Latest from the H for History blog

Read an extract from Simon Scarrow’s THE BLOOD OF ROME

Posted on: 14/11/2018 with tags: extract, Macro and Cato, simon scarrow, The Blood of Rome, Roman

Ctesiphon, capital city of the Parthian Empire, March, AD 55 The setting sun lit up the broad stretch of the Tigris river, so that it gleamed like molten gold against the pale orange of the sky. The air was still and cool, and the last clouds of the thunderstorm that had drenched the city had passed to the south, leaving the faintest odour of iron in the gathering dusk. The servants of the royal palace were scurrying about their duties as they prepared the riverside pavilion for that evening’s m…

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Damien Lewis tells the story of David “Mad Piper” Kirkpatrick in audacious SAS mission.

Posted on: 06/11/2018

David ‘Mad Piper’ Kirkpatrick recruited by SAS as audacious mission decoy: ordered to play Highland Laddie as raiders went in on war’s most daring raid Bagpipes have a long history when it comes to war, one of pipers at the head of Scottish regiments piping them to glory. When researching my new book ­SAS Italian Job – which tells the story of one of the most audacious raids of the war – I was amazed to find that legendary SAS commander Major Roy Farran had put in a special request for what he s…

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Living in the Past – Julian Stockwin

Posted on: 31/10/2018

I write the Thomas Kydd series, set in the Great Age of Fighting Sail, the period of the French revolutionary and Napoleonic wars (1793-1815). One of the questions I’m often asked when I give talks about my books is would I liked to have lived back then. It’s an interesting point to ponder, especially given the creature comforts we enjoy today like a bracing hot shower in a cold morning and the push-button warmth of central heating. Then there’s the wonders of the modern age such as the internet…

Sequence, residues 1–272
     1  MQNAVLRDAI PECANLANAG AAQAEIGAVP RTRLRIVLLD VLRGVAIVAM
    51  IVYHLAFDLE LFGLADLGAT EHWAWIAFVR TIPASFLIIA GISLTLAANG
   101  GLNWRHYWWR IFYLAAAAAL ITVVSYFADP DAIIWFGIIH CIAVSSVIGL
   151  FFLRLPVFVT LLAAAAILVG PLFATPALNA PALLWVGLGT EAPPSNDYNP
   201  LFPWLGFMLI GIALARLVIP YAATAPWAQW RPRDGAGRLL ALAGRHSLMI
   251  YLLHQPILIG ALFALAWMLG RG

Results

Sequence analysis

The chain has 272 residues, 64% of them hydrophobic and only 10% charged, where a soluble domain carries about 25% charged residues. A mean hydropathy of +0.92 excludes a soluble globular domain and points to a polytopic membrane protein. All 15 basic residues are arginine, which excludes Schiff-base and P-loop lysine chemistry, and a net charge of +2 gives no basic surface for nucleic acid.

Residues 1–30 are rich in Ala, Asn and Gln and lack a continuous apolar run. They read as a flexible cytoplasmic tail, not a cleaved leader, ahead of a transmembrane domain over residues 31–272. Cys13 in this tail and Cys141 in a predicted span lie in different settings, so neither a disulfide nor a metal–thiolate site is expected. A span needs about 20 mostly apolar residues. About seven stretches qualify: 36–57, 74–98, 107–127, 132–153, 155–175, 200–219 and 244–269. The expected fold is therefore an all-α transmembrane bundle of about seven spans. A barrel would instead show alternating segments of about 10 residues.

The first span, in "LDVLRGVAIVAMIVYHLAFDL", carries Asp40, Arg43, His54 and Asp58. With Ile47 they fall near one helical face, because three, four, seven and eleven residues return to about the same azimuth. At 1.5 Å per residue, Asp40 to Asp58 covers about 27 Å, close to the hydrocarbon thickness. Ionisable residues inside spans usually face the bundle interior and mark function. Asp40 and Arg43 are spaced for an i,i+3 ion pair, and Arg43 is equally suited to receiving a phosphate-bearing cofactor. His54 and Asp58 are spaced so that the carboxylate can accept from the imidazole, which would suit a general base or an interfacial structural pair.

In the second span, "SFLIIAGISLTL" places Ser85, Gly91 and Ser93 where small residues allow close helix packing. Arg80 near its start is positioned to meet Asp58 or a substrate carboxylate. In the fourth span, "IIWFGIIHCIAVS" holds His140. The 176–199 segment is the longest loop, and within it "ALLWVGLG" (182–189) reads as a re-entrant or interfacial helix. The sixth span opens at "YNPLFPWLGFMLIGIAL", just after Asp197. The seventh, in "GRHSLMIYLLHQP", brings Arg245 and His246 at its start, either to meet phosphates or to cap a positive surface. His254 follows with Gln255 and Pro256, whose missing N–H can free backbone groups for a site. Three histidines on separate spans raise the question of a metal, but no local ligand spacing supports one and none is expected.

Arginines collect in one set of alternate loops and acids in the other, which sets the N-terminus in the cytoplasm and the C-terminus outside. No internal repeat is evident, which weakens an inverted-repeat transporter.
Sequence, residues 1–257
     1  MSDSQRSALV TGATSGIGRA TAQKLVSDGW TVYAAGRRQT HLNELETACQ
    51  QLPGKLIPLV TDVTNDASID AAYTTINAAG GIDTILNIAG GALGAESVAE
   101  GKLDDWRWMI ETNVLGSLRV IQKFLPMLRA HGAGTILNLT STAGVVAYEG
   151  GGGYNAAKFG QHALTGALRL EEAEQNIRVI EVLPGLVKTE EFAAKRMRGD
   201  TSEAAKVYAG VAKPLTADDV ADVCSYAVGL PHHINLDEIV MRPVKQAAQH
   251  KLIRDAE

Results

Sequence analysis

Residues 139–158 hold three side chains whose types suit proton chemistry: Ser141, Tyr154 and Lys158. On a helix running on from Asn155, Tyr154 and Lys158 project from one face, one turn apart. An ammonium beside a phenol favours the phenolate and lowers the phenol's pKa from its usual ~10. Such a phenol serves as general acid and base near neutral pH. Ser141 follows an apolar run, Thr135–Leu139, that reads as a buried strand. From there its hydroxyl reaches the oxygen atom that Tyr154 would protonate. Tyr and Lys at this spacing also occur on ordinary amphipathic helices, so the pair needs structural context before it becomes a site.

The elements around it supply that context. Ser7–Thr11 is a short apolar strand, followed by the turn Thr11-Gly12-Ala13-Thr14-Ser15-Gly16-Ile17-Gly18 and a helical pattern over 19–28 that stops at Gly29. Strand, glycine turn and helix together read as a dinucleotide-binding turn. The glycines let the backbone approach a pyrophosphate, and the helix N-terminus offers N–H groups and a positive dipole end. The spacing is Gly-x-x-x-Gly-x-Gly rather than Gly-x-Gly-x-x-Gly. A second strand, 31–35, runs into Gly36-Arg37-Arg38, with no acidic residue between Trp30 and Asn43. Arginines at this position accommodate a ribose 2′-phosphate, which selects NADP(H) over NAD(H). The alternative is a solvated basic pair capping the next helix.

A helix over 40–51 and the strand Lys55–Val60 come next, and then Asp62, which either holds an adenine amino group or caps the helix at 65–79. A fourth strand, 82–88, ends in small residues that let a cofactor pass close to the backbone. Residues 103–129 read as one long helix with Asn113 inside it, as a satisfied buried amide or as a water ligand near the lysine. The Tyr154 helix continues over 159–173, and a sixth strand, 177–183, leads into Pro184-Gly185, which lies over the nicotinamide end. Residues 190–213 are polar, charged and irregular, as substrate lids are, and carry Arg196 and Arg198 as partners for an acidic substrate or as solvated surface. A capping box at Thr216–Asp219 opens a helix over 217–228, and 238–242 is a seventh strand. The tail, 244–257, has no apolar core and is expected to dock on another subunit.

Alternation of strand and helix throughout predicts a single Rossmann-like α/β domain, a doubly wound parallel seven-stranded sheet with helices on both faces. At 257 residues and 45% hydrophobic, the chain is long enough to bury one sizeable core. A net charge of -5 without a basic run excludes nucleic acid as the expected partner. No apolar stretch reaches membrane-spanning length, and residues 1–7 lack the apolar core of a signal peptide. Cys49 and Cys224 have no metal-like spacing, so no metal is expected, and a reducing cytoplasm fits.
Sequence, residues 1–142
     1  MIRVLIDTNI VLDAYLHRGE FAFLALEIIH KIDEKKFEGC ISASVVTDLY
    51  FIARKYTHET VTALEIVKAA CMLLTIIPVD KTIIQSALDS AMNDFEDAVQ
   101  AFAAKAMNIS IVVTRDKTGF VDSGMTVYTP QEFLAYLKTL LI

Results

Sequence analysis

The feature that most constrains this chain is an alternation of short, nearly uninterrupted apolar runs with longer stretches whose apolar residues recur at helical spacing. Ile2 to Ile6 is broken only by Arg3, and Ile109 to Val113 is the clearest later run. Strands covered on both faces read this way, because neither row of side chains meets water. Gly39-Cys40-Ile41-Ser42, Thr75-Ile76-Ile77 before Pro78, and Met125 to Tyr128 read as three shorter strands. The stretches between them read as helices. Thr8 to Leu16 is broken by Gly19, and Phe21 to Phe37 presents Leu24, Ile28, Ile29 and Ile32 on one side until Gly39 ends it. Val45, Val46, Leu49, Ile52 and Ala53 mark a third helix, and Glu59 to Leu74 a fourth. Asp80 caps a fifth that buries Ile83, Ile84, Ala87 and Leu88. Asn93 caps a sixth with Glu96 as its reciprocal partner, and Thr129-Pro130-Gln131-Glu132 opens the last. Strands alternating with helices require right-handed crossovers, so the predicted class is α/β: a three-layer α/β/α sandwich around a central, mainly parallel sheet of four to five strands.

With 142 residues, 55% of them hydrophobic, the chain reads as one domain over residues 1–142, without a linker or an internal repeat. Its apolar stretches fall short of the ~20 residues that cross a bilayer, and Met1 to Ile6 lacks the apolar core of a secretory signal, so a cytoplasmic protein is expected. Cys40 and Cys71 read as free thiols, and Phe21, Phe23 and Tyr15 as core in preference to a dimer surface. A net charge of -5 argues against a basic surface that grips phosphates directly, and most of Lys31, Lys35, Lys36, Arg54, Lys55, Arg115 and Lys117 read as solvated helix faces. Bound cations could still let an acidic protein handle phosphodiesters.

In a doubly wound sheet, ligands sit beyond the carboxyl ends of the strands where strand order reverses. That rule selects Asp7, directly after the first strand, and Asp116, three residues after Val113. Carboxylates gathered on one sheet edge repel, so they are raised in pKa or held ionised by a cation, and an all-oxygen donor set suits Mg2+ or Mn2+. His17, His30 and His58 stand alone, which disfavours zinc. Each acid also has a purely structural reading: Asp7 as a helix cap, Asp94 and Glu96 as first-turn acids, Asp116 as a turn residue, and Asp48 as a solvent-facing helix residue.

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Fourteen facts you didn’t know about the Queen’s corgis

Posted on: 29/10/2018

Fourteen facts about the history of corgis in the royal family. Test your knowledge and see if you already knew them… 1) Queen Victoria started the trend for keeping dogs as pets. She had more than a hundred dogs during her lifetime and 28 different breeds. 2) Queen Victoria was one of the the first people in Britain to own a dachshund – now one of the country’s most popular small breeds. 3) The first corgi to be owned by the the current Queen’s family was Dookie – bought because the seven-yea…

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The King’s War by Mark Logue and Peter Conradi

Posted on: 17/10/2018

Victory! It’s two weeks until publication day for The King’s War, by Mark Logue and Peter Conradi, an incredible insight into the monarchy during the darkest days of WWII. The King’s War draws on diaries, letters and other documents left by George VI’s speech therapist, Lionel Logue, and his wife, Myrtle. It provides a fascinating portrait of two men and their respective families – the Windsors and the Logues – as they together faced up to the greatest challenge in Britain’s history. VE Day dawn…

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History’s Forgotten Victims by Gill Paul